None of these justifications works vis-à-vis Russia. In dollar terms, the US outspends Russia on defense hands down. However, viewed in terms of purchasing parity, Russia manages to buy as much as ten times more defensive capability per unit national wealth than the US, largely negating this advantage.

Also, what the US gets for its money is inferior: the Russian military gets the weapons it wants; the US military gets what the corrupt political establishment and their accomplices in the military-industrial complex want in order to enrich themselves.

In terms of being an advertising campaign for weapons sales, watching Russian weaponry in action in Syria, effectively wiping out terrorists in short order through a relentless bombing campaign using scant resources, then seeing US weaponry used by the Saudis in Yemen, with much support and advice from the US, being continuously defeated by lightly armed insurgents, is unlikely to generate too many additional sales leads.

Lastly, the project of maintaining US global hegemony seems to be on the rocks as well. Russia and China are now in a de facto military union.

Russia’s superior weaponry, coupled with China’s almost infinitely huge infantry, make it an undefeatable combination. Russia now has a permanent air base in Syria, has made a deal with Iran to use Iranian military bases, and is in the process of prying Turkey away from NATO.

As the US military, with its numerous useless bases around the world and piles of useless gadgets, turns into an international embarrassment, it remains, for the time being, a public jobs program for employing incompetents, and a rich source of graft.

In all, it is important to understand how actually circumscribed American military capabilities are. The US is very good at attacking vastly inferior adversaries. The action against Nazi Germany only succeeded because it was by then effectively defeated by the Red Army—all except for the final mop-up, which is when the US came out of its timid isolation and joined the fray.

Even North Korea and Vietnam proved too tough for it, and even there its poor performance would have been much poorer were it not for the draft, which had the effect of adding non-incompetents to the ranks, but produced the unpleasant side-effect of enlisted men shooting their incompetent officers—a much underreported chapter of American military history.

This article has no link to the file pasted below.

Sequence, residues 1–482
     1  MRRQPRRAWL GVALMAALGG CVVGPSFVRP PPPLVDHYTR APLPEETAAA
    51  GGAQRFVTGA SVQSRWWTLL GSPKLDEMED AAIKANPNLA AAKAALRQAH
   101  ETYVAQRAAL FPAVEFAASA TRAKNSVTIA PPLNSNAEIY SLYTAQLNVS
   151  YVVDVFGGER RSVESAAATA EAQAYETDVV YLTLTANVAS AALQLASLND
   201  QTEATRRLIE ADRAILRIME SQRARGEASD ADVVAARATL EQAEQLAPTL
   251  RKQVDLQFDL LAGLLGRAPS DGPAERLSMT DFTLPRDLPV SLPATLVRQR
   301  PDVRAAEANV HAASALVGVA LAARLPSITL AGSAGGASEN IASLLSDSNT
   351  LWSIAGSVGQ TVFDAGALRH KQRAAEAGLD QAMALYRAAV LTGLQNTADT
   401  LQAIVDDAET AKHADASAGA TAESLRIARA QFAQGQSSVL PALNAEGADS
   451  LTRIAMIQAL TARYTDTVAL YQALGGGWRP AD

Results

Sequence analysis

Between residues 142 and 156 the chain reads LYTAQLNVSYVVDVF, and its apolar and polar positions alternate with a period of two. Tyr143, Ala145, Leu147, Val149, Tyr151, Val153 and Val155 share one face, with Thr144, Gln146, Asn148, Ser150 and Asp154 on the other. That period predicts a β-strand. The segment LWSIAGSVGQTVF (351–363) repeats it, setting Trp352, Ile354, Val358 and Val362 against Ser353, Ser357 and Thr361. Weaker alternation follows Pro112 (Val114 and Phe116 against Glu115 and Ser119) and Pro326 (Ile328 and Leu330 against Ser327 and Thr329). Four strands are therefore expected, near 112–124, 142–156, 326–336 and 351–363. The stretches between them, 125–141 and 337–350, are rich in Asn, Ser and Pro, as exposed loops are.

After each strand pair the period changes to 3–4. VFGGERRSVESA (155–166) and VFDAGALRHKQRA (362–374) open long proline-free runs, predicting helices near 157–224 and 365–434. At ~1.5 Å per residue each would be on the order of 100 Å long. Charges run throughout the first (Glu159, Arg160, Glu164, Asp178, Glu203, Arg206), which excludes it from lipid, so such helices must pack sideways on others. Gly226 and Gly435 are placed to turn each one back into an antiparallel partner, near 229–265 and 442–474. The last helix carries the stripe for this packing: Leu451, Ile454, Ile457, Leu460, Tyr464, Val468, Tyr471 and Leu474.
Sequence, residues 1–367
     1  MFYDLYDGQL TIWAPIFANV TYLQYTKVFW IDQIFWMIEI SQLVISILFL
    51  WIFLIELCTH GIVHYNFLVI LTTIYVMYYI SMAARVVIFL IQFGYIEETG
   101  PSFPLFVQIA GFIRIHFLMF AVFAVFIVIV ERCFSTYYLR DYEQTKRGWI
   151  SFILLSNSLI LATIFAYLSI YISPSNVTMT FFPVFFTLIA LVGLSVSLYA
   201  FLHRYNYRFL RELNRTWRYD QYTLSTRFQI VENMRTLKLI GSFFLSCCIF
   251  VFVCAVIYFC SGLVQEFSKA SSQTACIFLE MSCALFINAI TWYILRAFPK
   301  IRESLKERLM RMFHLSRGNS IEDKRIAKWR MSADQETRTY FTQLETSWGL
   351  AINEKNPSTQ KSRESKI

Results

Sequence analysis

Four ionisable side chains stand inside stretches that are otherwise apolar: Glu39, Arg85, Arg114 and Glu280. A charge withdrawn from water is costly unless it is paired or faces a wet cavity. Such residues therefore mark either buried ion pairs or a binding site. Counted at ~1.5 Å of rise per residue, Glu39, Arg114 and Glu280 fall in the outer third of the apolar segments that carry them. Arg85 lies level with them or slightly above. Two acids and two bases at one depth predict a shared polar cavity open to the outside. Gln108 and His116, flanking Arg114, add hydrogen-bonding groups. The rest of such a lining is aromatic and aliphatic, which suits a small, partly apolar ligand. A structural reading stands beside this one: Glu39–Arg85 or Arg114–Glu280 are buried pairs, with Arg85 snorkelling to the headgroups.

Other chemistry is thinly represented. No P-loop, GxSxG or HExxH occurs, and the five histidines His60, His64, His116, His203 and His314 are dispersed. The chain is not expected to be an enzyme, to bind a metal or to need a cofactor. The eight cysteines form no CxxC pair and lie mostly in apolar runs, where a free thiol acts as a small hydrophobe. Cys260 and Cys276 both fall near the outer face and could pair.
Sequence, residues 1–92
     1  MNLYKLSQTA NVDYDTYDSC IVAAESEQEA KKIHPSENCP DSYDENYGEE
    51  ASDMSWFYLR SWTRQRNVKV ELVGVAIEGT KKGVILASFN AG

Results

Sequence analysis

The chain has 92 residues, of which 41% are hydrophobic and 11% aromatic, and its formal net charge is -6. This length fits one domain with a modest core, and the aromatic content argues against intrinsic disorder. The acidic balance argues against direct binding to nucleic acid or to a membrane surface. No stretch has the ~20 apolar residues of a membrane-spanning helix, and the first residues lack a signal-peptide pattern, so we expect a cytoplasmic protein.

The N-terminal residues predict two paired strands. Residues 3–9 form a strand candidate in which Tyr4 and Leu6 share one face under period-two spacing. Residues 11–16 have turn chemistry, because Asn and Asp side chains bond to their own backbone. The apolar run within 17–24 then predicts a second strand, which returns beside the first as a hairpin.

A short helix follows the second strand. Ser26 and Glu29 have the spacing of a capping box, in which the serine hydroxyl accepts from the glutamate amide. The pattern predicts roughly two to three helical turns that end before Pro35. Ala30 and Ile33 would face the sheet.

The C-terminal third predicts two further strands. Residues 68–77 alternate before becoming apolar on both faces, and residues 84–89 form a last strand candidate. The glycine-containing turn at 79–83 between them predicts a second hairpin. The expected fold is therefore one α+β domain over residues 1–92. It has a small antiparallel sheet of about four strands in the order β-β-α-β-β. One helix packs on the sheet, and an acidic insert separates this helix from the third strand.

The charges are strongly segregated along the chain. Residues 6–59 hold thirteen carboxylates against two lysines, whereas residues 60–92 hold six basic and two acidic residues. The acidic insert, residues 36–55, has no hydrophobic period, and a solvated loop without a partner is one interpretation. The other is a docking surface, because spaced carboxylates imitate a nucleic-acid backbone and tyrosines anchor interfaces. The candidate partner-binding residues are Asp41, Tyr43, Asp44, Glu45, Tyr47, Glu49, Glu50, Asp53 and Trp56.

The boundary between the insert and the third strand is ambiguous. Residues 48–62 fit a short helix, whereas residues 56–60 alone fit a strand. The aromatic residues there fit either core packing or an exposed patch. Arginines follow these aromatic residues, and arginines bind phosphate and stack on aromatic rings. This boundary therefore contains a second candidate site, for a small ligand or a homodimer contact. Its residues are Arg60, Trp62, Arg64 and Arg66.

And now, with the addition of LGBTQ people to the ranks, the US military is on its way to becoming an international laughing stock. Previously, terms like “faggot” and “pussy” were in widespread use in the US military’s basic training. Drill sergeants used such terminology to exhort the “numb-nuts” placed in their charge to start acting like men.

I wonder what words drill sergeants use now that they’ve been tasked with training those they previously referred to as “faggots” and “pussies”? The comedic potential of this nuance isn’t lost on Russia’s military men.

This comedy can continue as long as the US military continues to shy away from attacking any serious adversary, because if it did, comedy would turn to tragedy rather quickly.
  • If, for instance, US forces tried to attack Russian territory by lobbing missiles across the border, they would be neutralized in instantaneous retaliation by Russia’s vastly superior artillery.
  • If Americans or their proxies provoked Russians living outside of Russia (and there are millions of them) to the point of open rebellion, Russian volunteers, acting in an unofficial capacity and using private funds, would quickly train, outfit and arm them, creating a popular insurgency that would continue for years, if necessary, until Americans and their proxies capitulate.
  • If the Americans do the ultimately foolish thing and invade Russian territory, they would be kettled and annihilated, as repeatedly happened to the Ukrainian forces in Donbass.
  • Any attempt to attack Russia using the US aircraft carrier fleet would result in its instantaneous sinking using any of several weapons: ballistic anti-ship missiles, supercavitating torpedos or supersonic cruise missiles.
  • Strategic bombers, cruise missiles and ballistic missiles would be eliminated by Russia’s advanced new air defense systems.
So much for attack; but what about defense? Well it turns out that there is an entire separate dimension to engaging Russia militarily. You see, Russia lost a huge number of civilian lives while fighting off Nazi Germany. Many people, including old people, women and children, died of starvation and disease, or from German shelling, or from the abuse they suffered at the hands of German soldiers.